Ana4ian’s top 5 movies of the decade

To narrow down a decade in which I fell in love with film not as an escape, but as an art form and something to be enjoyed with visceral emotion is not an easy thing to do. Instead of cheap thrills, fighting, blood, explosions and tits, movies instead became something to admire, a spectacle, to be experienced, devoured, voraciously enjoyed. It was a period of awakening in the idea that these films have the ability to ellicit a range of reactions in the viewer, and that to invest oneself wholly in the watching of a movie can be extremely rewarding. So, a difficult decision made, the list awaits, and in no particular order, for I could never place any one above the other:

Let The Right One In (2008)
Twilight has nothing, zero, zilch on a romantic vampire story compared to this. I won’t bash the former, but instead extort the gentleness of this movie. The subtle, slow love story between the two young leads in this movie is achingly genuine and pure. The secrets kept, embarrassment, shyness, adoration, protectiveness and need in the relationship between the vulnerable Eli and lonely Oskar is far more mature than their years. The way they complete one another lends a depth to this flick that is so rare even in movies without the fantastic aspect of vampirism that this movie bears. I really, genuinely have my fingers crossed now for the American remake, that it delivers a similarly deep experience to a wider audience, who deserve to indulge in this tale.

Eternal Sunshine of the Spotless Mind (2004)
Michel Gondry, how do I love thee? I can really enjoy anything this guy does, but that’s a blanket statement the same as saying I can enjoy any sunny day. The sun does not a great day make, however, it’s just the setup. Eternal Sunshine is the sunny day with a cold beer, pretty company, your favorite song on the radio, and the knowledge that later tonight, you’re only going to be having more fun hanging out with good friends and bullshitting about life in general. It brings everything together, the quirkiness of Gondry’s direction, the off-center melancholy of Kaufman’s script, and great performances from everyone involved. It’s an exploration on the memories that make us human, good, bad or otherwise, and keeping them safe, to put it into an ill-fitting nutshell, and indeed, how precise can a movie about memories be, unique as they are? Well done.

Spirited Away (2001)
Miyazaki…what can I say? The whimsy of Disney’s greatest films with a unique sensibility, mature examinations of right and wrong, and how that is a matter of perspective, where the evil may be misunderstood, or misguided, attempting to do their best without understanding the consequences, and where good requires a sweetness and honesty that we tend to lose in adulthood. The biggest difference between Miyazaki and Disney is that Disney occasionally creates characters a step away from the norm, but Miyazaki builds entire worlds, and doesn’t bother to explain them, but instead takes us by the hand and leads us into them, and like No-Face with his palms cupped full of gold, he offers it to us with his heart on his sleeve and an exuberant eagerness to bring us joy.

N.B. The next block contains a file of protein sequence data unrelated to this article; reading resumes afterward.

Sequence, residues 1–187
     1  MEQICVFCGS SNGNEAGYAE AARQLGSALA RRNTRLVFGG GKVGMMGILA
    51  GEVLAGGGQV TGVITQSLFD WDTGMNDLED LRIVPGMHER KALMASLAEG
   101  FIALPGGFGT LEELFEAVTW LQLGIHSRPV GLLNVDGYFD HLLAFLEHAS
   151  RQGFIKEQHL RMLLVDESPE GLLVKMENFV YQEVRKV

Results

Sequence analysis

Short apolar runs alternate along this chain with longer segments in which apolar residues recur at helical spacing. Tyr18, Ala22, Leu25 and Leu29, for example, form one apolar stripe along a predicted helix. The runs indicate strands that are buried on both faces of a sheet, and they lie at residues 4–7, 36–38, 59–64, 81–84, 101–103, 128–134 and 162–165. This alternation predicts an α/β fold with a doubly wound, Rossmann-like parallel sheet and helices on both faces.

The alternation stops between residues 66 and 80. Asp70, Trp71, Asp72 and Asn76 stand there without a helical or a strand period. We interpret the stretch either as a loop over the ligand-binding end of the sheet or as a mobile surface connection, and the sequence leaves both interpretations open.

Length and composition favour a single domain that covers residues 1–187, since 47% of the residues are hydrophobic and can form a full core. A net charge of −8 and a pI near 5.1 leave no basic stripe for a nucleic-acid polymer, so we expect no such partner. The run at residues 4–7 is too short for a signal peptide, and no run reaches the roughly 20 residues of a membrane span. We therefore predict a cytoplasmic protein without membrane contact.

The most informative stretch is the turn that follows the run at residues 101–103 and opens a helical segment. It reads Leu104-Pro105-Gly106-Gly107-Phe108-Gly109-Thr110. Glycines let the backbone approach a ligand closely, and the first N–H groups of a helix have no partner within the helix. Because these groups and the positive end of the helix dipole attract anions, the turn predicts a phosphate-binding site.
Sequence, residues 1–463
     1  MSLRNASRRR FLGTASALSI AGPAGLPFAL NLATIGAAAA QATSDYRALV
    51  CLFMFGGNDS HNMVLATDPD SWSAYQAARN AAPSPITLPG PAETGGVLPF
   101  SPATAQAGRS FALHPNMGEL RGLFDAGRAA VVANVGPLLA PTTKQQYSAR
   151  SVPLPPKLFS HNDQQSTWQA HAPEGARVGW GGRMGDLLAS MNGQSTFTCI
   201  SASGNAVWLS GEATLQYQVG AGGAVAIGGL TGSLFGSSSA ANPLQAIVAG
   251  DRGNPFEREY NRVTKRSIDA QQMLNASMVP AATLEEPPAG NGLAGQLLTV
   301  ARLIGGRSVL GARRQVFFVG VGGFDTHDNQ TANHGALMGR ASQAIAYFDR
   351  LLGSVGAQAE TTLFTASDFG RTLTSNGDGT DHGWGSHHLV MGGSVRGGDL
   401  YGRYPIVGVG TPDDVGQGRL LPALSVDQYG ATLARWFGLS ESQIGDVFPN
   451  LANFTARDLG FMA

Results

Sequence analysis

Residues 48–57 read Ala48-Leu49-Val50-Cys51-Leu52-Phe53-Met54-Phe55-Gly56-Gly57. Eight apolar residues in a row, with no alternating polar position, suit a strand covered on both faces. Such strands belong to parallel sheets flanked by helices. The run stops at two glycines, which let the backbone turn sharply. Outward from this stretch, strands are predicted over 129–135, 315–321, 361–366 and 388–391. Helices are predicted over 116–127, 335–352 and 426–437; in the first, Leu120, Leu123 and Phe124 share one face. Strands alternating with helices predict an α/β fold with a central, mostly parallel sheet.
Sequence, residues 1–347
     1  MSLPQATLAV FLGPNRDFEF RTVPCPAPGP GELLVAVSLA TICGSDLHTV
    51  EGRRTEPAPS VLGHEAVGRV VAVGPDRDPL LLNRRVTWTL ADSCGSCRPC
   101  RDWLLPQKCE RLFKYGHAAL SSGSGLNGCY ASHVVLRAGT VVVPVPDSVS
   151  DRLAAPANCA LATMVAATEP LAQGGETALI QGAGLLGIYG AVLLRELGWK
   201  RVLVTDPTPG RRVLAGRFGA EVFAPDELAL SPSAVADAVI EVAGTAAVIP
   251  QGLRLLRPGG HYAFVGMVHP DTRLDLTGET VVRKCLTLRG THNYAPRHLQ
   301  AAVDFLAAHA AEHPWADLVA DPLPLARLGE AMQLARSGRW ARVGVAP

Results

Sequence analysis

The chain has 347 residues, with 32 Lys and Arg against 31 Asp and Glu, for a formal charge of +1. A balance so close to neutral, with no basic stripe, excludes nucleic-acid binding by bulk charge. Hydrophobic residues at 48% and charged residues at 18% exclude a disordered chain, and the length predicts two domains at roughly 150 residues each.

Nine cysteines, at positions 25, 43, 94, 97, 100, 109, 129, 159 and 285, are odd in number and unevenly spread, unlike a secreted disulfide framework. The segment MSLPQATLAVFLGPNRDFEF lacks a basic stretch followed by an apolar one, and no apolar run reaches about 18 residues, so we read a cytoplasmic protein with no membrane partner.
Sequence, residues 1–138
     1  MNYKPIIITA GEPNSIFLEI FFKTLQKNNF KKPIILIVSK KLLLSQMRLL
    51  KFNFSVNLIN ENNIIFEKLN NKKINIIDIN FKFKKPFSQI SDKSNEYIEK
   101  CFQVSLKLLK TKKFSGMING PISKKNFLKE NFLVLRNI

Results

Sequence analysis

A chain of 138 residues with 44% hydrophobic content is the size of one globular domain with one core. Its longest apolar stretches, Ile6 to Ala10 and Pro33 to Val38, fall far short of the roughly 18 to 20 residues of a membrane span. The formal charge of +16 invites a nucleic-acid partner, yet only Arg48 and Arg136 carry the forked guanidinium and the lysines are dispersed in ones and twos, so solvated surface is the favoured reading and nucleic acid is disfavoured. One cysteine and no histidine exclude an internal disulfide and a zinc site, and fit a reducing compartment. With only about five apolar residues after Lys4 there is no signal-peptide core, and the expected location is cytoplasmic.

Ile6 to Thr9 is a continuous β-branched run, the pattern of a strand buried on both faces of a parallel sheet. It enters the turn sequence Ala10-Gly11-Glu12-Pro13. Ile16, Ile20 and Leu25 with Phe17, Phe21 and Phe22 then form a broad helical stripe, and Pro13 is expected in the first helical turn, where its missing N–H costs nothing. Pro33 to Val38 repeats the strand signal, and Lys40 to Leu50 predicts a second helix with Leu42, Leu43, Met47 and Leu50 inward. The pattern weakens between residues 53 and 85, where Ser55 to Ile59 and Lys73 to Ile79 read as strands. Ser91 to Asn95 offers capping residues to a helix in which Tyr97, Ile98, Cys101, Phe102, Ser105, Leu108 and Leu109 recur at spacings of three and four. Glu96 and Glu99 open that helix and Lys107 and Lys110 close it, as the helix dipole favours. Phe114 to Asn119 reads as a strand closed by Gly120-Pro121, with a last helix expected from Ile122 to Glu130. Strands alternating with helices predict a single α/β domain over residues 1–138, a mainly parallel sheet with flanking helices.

Shaun of the Dead (2004)
A rom-zom-com, self-proclaimed and lived up to in spades. 28 Days Later brought us the the ‘rage’ zombies, who ran like hell and hated your guts, and really started the push towards the zombie subculture in more recent years (at least in my opinion) but it was Shaun of the Dead that made it cool to watch a zombie flick. Simon Pegg and Nick Frost established one of the better comedy duos in recent memory, and Edgar Wright seems to know how to bounce the pair of them off one another to make the juvenile funny again, and appeal to wide audiences from niche starting points. How many people who were likely neither a fan of zombie flicks or buddy-cop movies not only took the time to watch Shaun of the Dead or Hot Fuzz, but enjoyed them, even? This is on the list not for what it is, per se, but for what it has done to movies and audiences.

Brick (2005)
You’re probably sick of hearing me talk about this, if you’ve ever heard/read me talk about movies at all, but I’ve said it before and I’ll say it again: the debut film from Rian Johnson just blows me away. The dialogue is so electric the government is trying to regulate it, snapping and popping in some alternate universe dialect from a land where people talk like they’re doing the voice-overs in a 50’s detective comic book. The setting isn’t what you’d expect for it’s noir sensibilities, but where else could it have taken place and worked? The girl, the brick, the hook, the twist, the who-dun-it, everything about this movie just works for me, and the dogged, stubborn determination of the lead character to get the answers he needs, even at the cost to himself physically and emotionally makes me think of a superhero ideal in a dirty, scummy world of schoolyard politics and people in over their head. If there’s an edge on this list for any film, it goes to this one.

Those that juuuuust missed the list:

Battle Royale: Insanity in movie form. If this were top 6, this is number 6.

Oldboy: Also batshit insane, but with some amazing moments.

The Dark Knight: Comic adaptation done right.

Children of Men: Bleak and beautiful, and very rewatchable.

Wall-E: Deserving for the first 30 minutes if nothing else.


  1. Very good list, sir! I have to say that almost all of your picks were on my list, too but inevitably got defeated. I thought Children Of Men would of been higher on your list.

  2. Good list indeed. I can never make up my mind with this sort of stuff, but Children Of Men would have to be up there somewhere.

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